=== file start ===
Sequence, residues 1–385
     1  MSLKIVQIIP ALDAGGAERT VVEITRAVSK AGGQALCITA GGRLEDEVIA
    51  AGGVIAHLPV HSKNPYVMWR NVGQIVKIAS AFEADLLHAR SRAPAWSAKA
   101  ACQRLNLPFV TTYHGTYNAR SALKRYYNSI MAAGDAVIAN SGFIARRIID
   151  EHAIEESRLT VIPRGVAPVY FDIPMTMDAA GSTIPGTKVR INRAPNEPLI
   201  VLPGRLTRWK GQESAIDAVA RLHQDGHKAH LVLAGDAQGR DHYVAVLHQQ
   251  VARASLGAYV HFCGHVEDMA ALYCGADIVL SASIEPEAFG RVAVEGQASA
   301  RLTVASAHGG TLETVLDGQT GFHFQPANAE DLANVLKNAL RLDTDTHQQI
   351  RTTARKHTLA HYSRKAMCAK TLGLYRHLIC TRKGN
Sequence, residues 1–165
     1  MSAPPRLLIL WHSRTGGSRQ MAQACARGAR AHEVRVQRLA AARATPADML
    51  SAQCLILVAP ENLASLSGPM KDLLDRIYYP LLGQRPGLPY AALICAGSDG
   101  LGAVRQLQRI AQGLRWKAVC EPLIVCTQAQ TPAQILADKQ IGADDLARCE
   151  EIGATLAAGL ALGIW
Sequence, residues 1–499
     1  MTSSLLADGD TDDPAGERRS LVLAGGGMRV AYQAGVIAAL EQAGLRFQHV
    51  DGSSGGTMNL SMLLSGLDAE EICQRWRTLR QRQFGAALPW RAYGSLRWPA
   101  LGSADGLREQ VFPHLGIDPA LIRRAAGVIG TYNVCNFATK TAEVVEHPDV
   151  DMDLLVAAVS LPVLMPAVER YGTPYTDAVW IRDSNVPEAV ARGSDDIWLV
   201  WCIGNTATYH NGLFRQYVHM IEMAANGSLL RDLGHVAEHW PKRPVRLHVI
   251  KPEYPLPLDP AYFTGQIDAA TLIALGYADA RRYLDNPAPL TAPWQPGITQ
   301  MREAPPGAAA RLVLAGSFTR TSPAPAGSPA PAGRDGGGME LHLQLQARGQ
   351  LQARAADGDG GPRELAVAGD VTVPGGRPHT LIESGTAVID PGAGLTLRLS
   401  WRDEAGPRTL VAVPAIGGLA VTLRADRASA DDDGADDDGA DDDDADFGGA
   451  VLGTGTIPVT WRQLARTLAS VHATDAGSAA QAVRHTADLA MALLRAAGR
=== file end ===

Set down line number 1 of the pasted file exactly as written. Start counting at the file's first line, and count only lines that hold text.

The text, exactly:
Sequence, residues 1–385